story by Helen Hill for MITgcm
Declining conventional availability coupled with burgeoning global demand has triggered renewed interest in deep-sea metal mining. However, there is concern that this new form of extraction could negatively impact seafloor ecology. Recently a team of researchers from Germany, Belgium, and the Netherlands has been using MITgcm in modeling seeking to predict how sediments kicked up by seafloor mining disperse.
With terrestrial reserves of metals such as cobalt, copper, nickel, and manganese increasingly depleted yet a surge in demand to supply a rapidly growing green energy sector forecast, prospectors are once again eyeing the sea-floor as a rich alternative source for these economically valuable materials.
Polymetallic nodules (also termed manganese nodules) are potato-sized mineral concretions of layered iron and manganese hydroxides. A ubiquitous feature of the seafloor throughout the world’s oceans, the largest deposits in terms of abundance and metal concentration occur in the Clarion Clipperton Zone (CCZ) in the Northeast Tropical Pacific. There, at depths of between 4000 and 6000 m, nodules litter the ocean floor with, by some estimates, deposits of over 20 billion tonnes of nodule material. One proposed method of extraction consists in removing the upper ~20cm of the seafloor and separating nodules from sediment in much the same way a commercial harvester would potatoes from soil on land. However, as envisaged, such activity, besides causing localized seafloor disturbance, would also create a wake of suspended sediment the fallout from which, in an environment now known to harbor an abundance and diversity of life, could gravely disrupt local ecology.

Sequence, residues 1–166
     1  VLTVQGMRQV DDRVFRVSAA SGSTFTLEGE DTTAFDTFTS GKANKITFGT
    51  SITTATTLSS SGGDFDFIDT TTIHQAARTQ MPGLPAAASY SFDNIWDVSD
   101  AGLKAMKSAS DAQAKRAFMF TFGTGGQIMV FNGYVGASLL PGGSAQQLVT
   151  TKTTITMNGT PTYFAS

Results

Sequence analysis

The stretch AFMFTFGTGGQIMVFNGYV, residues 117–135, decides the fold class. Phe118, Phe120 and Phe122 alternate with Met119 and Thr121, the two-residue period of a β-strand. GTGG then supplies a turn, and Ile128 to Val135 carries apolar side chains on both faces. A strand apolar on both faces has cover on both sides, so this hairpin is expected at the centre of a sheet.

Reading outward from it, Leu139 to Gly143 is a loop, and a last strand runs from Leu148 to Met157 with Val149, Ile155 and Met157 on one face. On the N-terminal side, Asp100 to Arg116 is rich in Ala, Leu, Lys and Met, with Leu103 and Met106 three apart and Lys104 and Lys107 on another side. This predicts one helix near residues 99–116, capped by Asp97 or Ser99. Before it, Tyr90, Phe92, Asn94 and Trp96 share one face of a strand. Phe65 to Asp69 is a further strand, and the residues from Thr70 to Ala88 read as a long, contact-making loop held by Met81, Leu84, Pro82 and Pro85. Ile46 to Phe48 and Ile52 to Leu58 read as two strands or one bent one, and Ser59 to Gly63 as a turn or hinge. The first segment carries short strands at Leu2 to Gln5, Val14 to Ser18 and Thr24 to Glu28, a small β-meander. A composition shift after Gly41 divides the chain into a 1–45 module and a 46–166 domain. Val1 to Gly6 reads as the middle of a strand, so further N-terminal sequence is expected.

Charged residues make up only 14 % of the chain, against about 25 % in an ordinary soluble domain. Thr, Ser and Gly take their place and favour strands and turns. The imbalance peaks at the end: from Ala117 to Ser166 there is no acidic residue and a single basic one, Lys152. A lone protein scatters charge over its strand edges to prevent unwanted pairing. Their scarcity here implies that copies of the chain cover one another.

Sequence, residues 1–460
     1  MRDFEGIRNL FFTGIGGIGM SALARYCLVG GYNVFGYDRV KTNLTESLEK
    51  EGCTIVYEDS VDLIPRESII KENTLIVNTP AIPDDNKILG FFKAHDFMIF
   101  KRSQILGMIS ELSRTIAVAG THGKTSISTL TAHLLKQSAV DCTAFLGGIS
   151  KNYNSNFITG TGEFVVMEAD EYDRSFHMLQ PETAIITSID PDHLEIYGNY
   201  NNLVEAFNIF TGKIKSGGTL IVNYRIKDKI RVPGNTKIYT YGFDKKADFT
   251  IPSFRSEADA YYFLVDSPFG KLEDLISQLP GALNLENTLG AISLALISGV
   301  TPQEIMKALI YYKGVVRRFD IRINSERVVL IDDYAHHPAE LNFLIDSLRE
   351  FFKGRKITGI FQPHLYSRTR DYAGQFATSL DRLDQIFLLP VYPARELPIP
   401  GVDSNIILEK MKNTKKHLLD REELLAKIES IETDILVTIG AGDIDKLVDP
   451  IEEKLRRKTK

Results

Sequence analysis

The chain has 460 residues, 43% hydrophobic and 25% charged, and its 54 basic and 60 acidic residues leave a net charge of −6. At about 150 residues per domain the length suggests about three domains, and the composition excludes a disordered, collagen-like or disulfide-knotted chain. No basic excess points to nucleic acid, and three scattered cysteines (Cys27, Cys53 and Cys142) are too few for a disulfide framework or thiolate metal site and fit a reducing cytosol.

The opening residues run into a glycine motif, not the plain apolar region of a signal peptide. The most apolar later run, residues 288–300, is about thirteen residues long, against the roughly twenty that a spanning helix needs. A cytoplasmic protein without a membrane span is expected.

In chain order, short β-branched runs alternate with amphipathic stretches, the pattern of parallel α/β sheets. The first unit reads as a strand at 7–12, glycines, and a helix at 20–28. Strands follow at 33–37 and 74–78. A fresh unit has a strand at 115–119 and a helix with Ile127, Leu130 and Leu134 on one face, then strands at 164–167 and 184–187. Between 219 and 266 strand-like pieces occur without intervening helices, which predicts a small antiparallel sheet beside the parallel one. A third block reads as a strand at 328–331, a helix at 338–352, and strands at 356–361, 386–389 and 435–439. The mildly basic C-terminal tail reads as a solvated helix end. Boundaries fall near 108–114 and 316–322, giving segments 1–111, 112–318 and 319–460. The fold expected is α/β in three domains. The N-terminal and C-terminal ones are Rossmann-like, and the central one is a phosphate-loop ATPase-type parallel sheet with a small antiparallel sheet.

Kaveh Purkiani, André Paul and Micahel Schultz from the MARUM Center for Marine Environmental Sciences and Faculty of Geosciences, University of Bremen, Germany; Benjamin Gillard, and Laurenz Thomsen from Jacobs University Bremen, Germany; Matthias Haeckel and Jens Greinert from the GEOMAR Helmholtz Center for Ocean Research, Kiel, Germany; Sabine Haalboom and Henko de Stigter from NIOZ the Royal Netherlands Institute for Sea Research, Department of Ocean Systems, Texel, Netherlands; Martina Hollstein and Annemiek Vink from the Federal Institute for Geosciences and Natural Resources (BGR), Hannover, Germany; and Matthias Baeye from the Royal Belgian Institute of Natural Sciences, Brussels, Belgium have been using MITgcm in their work seeking to reproduce how the sediment plume resulting from sea-floor mining activity disperses. The paper appears in Frontiers in Marine Science.